“Many alternatives to supply chain finance, including factoring and receivables finance programmes, continue to be built on fax, email and unstructured data. But in the context of increasing data needs, the escalating pace of imports and exports amongst our clients, as well as the growing diversity of their supply chains have made those alternatives less and less desirable,” says Landry.
As more supply chain finance programmes have been rolled out by firms across the country, treasury and finance departments at other companies have witnessed these precedents, and have become a lot more comfortable with getting involved in similar initiatives and setting up their own programmes, he adds.
Integrating ESG agendas
Environmental, social and governance (ESG) considerations, already a key issue for supply chains before the pandemic, have come into sharper focus over the last year, and are now an increasingly important factor in how supply chains are managed and financed.
Companies’ responsibilities to their consumers and their investors – both ever more insistent on improved ESG performance – are forcing them to take a closer look at their supply chains to ensure such issues are being addressed.
An evolving global trend is the incorporation of such goals into supply chain finance programmes, and the provision of tangible incentives to suppliers – such as preferential pricing – to drive sustainable behaviours.
“If you’re a treasurer or CFO in a large firm, and your CEO has mandated that ESG considerations be built into the firm’s funding and across its operations, a supply chain programme is one of only a few options to make that happen,” Landry explains. This often plays out in buyer sourcing policies.
Banks have a vital role to play in helping companies achieve their sustainability objectives. As a global leader in the shift to sustainable finance, Citi leverages its extensive trade expertise and infrastructure to support its clients through a range of measures, including facilitating access to independent ratings and analysis firms to allow greater insight into corporate supply chains, which in turn helps clients create more sustainable supply chains.
“This extends to layering in ESG requirements: if a client has a specific interest around minority-owned businesses, environmental ratings or goals, or a certain governance profile within their firm, those are all things that we can customise to their particular corporate agenda,” says Landry. “We work with clients to translate their particular environmental, social or governance goals into independently verifiable scorecards and goals for their supplier network. We arrange for independent monitoring of those goals and the client can then direct pricing and term enhancements for suppliers meeting or making progress against those goals. This enhances transparency and accountability and creates positive economic incentives to demonstrate progress against the firm’s ESG priorities.”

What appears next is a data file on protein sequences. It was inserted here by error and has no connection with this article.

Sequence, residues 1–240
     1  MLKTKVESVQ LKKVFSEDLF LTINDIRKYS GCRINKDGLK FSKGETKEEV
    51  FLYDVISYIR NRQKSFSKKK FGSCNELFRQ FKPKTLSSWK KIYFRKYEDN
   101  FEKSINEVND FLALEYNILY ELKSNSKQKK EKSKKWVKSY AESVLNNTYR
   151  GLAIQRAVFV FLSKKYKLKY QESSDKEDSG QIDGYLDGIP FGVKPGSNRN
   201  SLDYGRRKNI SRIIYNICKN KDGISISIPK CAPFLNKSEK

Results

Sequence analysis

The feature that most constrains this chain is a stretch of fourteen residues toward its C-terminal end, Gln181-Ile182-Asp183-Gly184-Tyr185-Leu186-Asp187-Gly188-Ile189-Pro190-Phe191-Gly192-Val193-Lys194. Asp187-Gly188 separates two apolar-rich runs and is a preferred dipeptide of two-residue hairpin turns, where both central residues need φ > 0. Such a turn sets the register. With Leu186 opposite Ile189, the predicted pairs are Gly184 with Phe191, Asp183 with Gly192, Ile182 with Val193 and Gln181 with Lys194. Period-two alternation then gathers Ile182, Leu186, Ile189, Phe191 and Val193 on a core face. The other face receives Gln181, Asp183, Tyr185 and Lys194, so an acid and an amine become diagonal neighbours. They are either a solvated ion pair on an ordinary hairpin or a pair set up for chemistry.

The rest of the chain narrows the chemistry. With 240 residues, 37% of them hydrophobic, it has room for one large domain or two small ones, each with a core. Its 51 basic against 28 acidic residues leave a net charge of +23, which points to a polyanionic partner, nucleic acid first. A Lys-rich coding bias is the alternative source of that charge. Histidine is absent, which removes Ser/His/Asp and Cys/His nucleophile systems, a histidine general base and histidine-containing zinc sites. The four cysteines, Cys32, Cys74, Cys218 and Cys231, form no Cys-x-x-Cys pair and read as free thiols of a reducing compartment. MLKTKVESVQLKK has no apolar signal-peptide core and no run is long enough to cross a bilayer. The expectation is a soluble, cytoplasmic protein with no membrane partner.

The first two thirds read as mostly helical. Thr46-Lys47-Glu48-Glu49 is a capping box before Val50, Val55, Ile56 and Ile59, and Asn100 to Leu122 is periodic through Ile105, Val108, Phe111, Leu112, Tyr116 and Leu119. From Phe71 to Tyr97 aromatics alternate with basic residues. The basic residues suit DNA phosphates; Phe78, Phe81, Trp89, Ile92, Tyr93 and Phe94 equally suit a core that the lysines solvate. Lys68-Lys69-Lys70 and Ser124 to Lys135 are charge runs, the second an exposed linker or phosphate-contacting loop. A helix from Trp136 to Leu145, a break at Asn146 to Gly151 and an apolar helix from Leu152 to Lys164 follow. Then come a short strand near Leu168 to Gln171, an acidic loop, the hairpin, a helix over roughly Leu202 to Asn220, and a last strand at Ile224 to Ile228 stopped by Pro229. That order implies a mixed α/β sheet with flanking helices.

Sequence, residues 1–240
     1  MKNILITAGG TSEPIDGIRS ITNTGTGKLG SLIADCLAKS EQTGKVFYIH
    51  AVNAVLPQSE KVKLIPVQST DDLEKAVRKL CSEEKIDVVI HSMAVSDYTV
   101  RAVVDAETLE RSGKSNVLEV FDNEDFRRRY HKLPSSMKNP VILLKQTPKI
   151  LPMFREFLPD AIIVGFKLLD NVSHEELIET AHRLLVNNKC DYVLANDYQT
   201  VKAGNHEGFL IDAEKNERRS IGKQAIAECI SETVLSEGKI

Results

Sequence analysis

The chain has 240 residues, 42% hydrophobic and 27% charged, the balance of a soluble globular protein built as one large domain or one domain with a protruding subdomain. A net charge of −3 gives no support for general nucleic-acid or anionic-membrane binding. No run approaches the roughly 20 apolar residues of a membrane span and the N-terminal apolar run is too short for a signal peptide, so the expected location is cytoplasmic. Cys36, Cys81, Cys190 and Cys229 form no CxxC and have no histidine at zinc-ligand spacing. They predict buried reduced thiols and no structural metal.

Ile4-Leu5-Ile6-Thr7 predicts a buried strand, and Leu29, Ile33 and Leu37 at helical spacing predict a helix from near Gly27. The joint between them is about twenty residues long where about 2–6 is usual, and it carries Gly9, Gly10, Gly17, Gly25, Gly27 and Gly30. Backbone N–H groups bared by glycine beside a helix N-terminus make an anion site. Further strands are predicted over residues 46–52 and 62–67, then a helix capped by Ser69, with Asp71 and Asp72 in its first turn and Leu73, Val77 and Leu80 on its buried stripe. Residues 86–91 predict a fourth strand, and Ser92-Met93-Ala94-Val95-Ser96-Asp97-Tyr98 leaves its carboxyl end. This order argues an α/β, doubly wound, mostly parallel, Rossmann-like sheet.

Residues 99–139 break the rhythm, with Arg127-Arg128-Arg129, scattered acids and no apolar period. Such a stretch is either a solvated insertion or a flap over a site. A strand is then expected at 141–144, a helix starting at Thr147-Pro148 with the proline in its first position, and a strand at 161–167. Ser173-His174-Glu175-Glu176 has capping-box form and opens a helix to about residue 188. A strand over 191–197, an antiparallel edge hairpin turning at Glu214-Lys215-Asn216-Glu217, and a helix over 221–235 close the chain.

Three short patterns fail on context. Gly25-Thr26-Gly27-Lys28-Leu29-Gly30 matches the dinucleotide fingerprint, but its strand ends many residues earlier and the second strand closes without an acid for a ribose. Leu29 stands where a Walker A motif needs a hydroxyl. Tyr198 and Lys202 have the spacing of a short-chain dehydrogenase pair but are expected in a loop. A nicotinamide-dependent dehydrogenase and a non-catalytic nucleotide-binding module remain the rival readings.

Citi’s Treasury and Trade Solutions Group in Canada includes a dedicated supplier onboarding team that works with clients’ procurement and treasury departments to craft supply chain finance programmes in such a way that makes it easy to bring suppliers on board.
The outlook for Canada
As supply chains become even more globalised, data access requirements grow, and regulatory oversight continues to intensify, it is becoming an increasingly critical requirement for companies to work with a global banking partner that has boots on the ground on both sides of transactions, and which is equipped with a sophisticated, multi-language, multi-currency platform that underpins the ability to exchange data and provide support.
“Citi’s involvement in assisting Canadian firms on outbound and inbound trade is a top priority for us,” says Landry.
The bank has been present in the Canadian market for over a century and as clients’ needs continue to evolve, it is dedicating additional resources and effort to ensure its ongoing leadership.
“As companies gain more comfort with the supply chain finance product, whether their needs are economically driven or otherwise,
Citi is well positioned to support their business-critical objectives,” he concludes.
Citi’s “Doing business in….” series, exclusive to GTR, takes a look at the practicalities of doing business in, and engaging in cross-border trade with, high growth markets. This fourth instalment focuses on Canada, and showcases the views of John Landry, Managing Director, Treasury and Trade Solutions Head of Citi Canada.